In one embodiment, a conferencing system is operable to query for active participants, identifying non-responding participants, and quarantining or segregating the non-responding participants in order to manage, report and potentially remove inadvertently noisy and/or inactive callers. Conference participants who have been quarantined or segregated as non-responding or inattentive are prompted to "opt-in" to resume full participatory status in the conference session. Inattentive, negligent, or noisy conference callers who fail to properly opt back into the meeting have their resource usage reduced or are removed completely from the conference session, thereby preserving valuable conference system resources.
Referring to FIG. 1, an example communication network 10 is shown including a conferencing system 12 (e.g., a server) coupled with, or which includes, a media mixer/switch 13 that mixes audio signals received from each of the conference or meeting participants, and may also mix or switch video signals. Conferencing system 12 may comprise a conferencing or meeting application that includes software (or firmware) plug-ins, modules, or enhancements that implement the various features and functions described herein. In a specific implementation, for example, conferencing system 12 may run a modified or enhanced IP communication system software product such as Cisco's MeetingPlace® conferencing application that allows users to schedule and attend meeting conferences.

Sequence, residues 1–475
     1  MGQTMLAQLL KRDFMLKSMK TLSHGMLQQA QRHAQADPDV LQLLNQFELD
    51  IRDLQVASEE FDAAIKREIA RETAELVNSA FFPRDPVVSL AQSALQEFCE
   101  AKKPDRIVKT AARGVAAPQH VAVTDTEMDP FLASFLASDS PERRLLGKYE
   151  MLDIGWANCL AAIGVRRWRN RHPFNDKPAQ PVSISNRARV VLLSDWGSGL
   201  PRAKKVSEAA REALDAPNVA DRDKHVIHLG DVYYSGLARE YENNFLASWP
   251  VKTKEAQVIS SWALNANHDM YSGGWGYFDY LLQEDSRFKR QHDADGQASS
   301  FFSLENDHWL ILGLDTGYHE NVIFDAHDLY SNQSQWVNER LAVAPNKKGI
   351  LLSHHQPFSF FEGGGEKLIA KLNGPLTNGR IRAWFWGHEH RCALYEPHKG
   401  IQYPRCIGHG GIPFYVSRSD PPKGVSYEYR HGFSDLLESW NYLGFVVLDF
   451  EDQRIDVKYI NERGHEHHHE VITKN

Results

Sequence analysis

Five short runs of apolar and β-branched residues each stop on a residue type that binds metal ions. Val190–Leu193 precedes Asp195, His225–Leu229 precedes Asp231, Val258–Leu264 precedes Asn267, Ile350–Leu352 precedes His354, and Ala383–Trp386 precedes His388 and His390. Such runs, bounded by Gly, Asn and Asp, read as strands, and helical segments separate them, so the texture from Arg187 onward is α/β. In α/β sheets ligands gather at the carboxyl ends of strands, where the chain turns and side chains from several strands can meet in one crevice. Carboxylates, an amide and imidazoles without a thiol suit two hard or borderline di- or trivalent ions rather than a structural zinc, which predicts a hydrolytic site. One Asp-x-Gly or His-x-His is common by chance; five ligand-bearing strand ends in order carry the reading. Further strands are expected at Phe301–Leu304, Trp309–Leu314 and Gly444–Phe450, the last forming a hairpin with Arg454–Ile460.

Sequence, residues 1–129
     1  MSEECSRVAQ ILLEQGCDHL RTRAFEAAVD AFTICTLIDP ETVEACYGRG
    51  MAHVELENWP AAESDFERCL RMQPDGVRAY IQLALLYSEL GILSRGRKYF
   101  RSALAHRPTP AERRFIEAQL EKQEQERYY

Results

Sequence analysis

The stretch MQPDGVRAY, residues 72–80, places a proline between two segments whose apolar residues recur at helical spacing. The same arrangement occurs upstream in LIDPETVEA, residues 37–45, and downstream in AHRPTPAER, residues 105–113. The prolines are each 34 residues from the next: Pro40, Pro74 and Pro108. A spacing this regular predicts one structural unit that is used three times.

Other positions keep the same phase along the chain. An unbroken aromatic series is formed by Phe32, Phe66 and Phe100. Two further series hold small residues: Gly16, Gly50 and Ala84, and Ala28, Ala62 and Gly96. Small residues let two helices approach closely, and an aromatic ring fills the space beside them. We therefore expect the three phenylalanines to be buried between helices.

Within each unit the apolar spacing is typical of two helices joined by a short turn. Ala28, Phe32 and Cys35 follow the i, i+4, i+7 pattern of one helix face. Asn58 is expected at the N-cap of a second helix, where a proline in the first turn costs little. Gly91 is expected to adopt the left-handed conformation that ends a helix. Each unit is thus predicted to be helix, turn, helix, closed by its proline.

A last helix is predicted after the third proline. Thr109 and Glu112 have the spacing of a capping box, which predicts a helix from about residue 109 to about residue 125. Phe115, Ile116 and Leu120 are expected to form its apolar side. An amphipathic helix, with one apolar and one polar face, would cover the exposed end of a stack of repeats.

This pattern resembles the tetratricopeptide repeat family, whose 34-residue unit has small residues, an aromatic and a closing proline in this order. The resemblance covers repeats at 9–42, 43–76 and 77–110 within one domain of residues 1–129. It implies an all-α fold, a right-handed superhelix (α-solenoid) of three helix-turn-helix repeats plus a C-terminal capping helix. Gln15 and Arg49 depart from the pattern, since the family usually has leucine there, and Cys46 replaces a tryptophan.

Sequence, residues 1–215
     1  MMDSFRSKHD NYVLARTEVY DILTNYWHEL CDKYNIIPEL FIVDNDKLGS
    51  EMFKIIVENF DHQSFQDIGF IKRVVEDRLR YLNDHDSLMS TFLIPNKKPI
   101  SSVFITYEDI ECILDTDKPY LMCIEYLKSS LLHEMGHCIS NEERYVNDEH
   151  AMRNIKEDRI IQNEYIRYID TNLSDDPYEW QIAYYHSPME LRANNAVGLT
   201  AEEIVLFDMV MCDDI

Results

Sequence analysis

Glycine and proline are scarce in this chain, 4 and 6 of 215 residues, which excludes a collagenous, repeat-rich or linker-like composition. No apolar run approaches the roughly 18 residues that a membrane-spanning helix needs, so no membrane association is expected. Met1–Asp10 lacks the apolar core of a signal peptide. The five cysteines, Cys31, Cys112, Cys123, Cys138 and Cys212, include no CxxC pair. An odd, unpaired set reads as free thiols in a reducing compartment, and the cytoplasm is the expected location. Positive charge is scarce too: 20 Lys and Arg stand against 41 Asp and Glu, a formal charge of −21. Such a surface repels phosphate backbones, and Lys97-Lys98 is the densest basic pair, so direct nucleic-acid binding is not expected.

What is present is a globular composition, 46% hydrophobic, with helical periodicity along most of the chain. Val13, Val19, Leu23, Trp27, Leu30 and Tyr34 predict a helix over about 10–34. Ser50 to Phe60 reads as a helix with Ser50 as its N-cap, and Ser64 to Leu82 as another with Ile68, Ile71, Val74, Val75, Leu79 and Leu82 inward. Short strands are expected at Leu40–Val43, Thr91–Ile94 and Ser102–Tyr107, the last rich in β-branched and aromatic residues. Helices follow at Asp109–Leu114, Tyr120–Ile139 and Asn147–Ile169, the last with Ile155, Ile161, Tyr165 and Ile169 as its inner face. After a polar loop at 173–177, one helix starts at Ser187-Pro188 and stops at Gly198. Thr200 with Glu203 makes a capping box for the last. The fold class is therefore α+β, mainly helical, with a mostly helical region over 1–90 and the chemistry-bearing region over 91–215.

In the embodiment shown, conferencing system 12 handles all of the control plane functions of the audio conference session and manages audio transmissions and communications from the endpoints. In this example, the conference participants are shown by endpoint devices 18-22. Endpoint device 19 is an analog (audio-only) Plain-Old Telephone System (POTS) device connected with conferencing system 12 via gateway device 16 and IP network 11. Endpoint device 18 is a cellular telephone that is connected with conferencing system 12 via cellular telephone network 17 and IP network 11. Endpoint device 22 comprises a PC with built-in softphone capabilities (i.e., a PC that has phone capabilities installed or incorporated therein). Endpoint devices 20 & 21 are VoIP telephones with display capabilities that are connected with conferencing system 12 via IP network 11.